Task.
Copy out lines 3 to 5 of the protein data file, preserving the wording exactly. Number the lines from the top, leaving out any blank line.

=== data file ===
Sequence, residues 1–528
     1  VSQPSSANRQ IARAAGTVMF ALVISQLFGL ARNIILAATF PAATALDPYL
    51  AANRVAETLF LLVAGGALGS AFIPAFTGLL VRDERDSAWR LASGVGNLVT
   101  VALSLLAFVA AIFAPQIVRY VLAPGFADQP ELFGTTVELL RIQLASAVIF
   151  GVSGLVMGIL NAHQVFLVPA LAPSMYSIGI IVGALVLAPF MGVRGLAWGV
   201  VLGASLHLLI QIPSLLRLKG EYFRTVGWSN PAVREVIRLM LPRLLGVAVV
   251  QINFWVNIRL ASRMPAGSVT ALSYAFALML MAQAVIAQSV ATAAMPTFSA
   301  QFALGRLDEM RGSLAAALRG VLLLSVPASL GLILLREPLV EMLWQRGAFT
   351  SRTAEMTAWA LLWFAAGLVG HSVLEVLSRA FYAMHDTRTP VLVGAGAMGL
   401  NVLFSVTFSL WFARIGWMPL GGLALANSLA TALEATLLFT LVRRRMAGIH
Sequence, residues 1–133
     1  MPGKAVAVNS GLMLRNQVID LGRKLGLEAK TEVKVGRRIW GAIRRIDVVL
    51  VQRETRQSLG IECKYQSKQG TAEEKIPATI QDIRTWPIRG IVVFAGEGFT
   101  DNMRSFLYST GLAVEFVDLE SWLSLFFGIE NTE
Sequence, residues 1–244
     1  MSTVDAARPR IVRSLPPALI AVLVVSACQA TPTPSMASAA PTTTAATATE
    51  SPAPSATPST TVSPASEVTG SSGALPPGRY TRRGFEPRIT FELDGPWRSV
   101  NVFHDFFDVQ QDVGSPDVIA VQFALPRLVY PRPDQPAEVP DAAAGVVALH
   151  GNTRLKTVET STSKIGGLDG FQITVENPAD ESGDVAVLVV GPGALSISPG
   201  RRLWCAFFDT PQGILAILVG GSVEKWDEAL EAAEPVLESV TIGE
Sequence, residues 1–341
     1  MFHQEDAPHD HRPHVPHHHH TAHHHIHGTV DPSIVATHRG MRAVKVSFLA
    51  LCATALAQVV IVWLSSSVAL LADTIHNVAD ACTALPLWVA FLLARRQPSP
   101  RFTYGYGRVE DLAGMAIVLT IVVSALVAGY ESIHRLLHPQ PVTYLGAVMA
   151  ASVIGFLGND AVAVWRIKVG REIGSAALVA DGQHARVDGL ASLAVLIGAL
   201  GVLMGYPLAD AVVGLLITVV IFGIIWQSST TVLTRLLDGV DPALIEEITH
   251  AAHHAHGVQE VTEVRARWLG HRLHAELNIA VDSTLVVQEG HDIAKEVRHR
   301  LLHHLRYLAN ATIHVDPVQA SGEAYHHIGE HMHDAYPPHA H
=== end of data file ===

    51  AANRVAETLF LLVAGGALGS AFIPAFTGLL VRDERDSAWR LASGVGNLVT
   101  VALSLLAFVA AIFAPQIVRY VLAPGFADQP ELFGTTVELL RIQLASAVIF
   151  GVSGLVMGIL NAHQVFLVPA LAPSMYSIGI IVGALVLAPF MGVRGLAWGV